Of course, not all children who show gender-role consistent emotion patterns will develop psychopathology; however, those children who have other risk factors (such as low socioeconomic status) may go down a trajectory that is influenced by relative encouragement of particular discrete emotions. Interestingly, it may be the combination of low emotion coaching (which may lead to a general lack of emotion competence) and attention to discrete emotions (which focuses a lack of competence on particular emotions) that together lead to psychopathology. So, for example, a parent who fails to discuss emotions may have a child who has less understanding of/appreciation for emotion. He or she may cope with negative feelings in inappropriate ways, such as sobbing uncontrollably or being physically aggressive when another child picks on him or her. If, in addition, this child’s parent specifically punishes his or her sadness displays, the child may react to negative emotion by suppressing sad feelings and instead acting out in angry/aggressive ways. This could lead to later risk for the development of externalizing problems. Future research could empirically examine this combination of effects by examining both parental coaching responses and also parents’ specific beliefs about or responses to particular discrete emotions. It may be particularly important to examine this in samples of low-income families, whose children are at high risk for the development of psychopathology and who may use different types of emotion socialization behaviors.
Taken together, our review of the literature and our findings with a sample of low-income, primarily African American toddlers suggests that there may be differences in parents’ responses to girls’ versus boys’ emotions, although these may be attenuated in low-income and/or ethnic minority families. Gender differences in emotion socialization may be more evident when examining anger and sadness/anxiety separately because there are different gender stereotypes for these emotions, at least in dominant U.S. culture. Moreover, gender differences in parental responses to emotion are important in that they may contribute to gender differences in child emotion expression and psychopathology.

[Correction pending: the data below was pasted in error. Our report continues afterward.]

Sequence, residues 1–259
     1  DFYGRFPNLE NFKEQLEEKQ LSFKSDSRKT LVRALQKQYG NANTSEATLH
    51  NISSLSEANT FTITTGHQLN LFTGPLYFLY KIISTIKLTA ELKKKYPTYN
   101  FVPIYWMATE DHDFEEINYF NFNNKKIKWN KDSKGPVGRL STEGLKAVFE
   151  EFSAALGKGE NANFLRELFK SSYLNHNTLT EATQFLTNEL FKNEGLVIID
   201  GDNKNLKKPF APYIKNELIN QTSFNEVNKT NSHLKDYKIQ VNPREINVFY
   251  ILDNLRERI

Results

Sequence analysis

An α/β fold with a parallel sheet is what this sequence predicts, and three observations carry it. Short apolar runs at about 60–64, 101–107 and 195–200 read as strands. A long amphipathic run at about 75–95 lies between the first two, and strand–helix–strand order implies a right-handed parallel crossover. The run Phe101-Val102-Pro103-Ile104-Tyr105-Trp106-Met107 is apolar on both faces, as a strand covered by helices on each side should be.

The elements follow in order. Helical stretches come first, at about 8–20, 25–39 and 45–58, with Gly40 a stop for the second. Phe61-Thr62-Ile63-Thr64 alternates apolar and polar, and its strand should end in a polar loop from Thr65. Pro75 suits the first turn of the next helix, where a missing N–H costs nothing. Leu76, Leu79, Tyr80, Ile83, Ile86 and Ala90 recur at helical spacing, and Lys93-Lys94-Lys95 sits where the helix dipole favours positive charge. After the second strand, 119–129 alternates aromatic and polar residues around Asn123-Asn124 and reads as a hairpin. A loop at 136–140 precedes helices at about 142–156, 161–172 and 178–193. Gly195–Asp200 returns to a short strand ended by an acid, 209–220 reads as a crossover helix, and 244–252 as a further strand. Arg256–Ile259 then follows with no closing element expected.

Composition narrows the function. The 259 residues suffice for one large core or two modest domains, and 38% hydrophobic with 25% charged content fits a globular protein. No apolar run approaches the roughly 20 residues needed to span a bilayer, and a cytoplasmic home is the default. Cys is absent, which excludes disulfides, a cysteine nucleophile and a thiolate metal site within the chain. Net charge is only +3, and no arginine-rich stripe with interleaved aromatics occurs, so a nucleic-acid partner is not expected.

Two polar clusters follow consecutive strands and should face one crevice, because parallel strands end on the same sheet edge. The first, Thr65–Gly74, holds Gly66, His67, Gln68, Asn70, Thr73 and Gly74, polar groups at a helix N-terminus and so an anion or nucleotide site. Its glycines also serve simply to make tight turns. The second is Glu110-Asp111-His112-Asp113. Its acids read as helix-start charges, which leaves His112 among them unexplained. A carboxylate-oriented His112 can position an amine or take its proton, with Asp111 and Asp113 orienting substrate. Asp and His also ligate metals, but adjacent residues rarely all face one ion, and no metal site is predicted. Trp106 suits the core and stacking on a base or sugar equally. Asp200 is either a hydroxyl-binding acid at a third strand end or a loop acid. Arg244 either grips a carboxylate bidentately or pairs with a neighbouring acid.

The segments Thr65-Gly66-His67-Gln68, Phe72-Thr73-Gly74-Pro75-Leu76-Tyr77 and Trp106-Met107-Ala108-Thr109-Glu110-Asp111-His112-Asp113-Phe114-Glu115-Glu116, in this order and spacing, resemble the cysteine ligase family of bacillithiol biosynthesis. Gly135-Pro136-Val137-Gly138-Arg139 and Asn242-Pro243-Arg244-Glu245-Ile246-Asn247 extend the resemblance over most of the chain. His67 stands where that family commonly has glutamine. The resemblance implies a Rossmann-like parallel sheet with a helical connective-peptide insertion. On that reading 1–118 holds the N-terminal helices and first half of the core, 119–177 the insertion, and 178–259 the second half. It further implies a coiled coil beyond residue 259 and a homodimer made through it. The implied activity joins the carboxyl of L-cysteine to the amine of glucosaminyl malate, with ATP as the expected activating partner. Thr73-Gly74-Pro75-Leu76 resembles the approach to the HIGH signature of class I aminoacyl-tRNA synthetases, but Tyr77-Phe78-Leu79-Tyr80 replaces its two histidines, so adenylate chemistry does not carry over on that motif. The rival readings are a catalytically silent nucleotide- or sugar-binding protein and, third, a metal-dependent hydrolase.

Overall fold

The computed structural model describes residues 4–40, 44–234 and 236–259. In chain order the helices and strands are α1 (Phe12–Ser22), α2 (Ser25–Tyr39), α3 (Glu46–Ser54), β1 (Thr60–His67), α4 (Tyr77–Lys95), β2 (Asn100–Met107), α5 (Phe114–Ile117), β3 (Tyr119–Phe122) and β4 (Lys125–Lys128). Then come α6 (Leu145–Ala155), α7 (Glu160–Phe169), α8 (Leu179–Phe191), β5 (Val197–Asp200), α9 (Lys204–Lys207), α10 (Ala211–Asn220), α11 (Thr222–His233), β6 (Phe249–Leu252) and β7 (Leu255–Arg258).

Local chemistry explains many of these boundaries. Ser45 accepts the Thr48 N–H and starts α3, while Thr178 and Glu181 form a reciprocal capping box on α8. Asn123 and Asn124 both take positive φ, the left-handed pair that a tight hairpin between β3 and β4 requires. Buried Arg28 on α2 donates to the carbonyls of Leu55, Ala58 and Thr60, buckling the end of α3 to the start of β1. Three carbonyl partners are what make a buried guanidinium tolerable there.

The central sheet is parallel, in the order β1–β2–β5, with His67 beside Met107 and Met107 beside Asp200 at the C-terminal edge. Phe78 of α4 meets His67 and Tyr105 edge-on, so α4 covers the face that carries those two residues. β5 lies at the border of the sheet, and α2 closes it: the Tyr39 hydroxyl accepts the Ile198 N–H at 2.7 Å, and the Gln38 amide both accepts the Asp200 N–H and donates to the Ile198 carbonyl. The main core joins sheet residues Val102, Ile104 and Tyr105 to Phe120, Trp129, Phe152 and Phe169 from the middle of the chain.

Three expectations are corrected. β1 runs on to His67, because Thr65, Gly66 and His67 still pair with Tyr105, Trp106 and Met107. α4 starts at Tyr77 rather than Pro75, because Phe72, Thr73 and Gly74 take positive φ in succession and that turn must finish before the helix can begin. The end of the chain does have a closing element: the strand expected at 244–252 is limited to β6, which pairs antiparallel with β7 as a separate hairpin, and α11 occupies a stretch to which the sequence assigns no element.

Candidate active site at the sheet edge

This chapter focused primarily on anger, sadness, and anxiety/fear. In addition to these emotions, future research should examine parental responses to other emotions, including joy, shame, and guilt. Shame and guilt, for example, may be more encouraged in girls than in boys and, if internalized to an excessive level, may lead them to develop depression (Zahn-Waxler et al., 1991). Also, of all the discrete emotions examined, only shame showed a gender difference in socialization in one sample of low-income inner-city youth, with girls reporting greater reward of their shame than boys (O’Neal & Magai, 2005).
In addition, longitudinal studies are needed to determine the consequences of emotion socialization for girls’ and boys’ social–emotional development over time. It would be of interest to examine this in at-risk families, for example in low-income families or in parents with psychopathology. Parents with depression, for example, may socialize (either through contingent responding or through modeling) a style of emotion regulation that involves coping with problems by ruminating on sadness. Finally, it would be of interest to examine interactions between biological markers of emotional reactivity (for example, heart rate, cortisol increases, activation of emotional centers of the brain, potential genetic markers) and parental emotion socialization to try to unravel the complex predictors of children’s emotional competence, patterns of emotion, and subsequent psychological adjustment.
This work was supported by NIH grants K01-DA024759 (Chaplin) and R01-DA-06025 (Mayes).
Tara M. Chaplin is an assistant professor of psychiatry at the Yale University School of Medicine. Her research interests are in the role of gender and emotion regulation in the development of psychopathology in at-risk children and adolescents.
James Casey is a graduate student at UC Berkeley. His research interests include emotional mimicry and emotion regulation.
Rajita Sinha is a professor of psychiatry and child study and the director of the Yale Stress Center (yalestress.org) at the Yale University School of Medicine. Her research interests include stress, emotion regulation, sex differences, impulse control, craving, and the development of addictive behaviors.
Linda C. Mayes is the Arnold Gesell Professor of Child Psychiatry, Pediatrics, and Psychology at the Yale Child Study Center and special advisor to the dean of Yale University School of Medicine. Her research interests include emotional regulation in at-risk children and adolescents.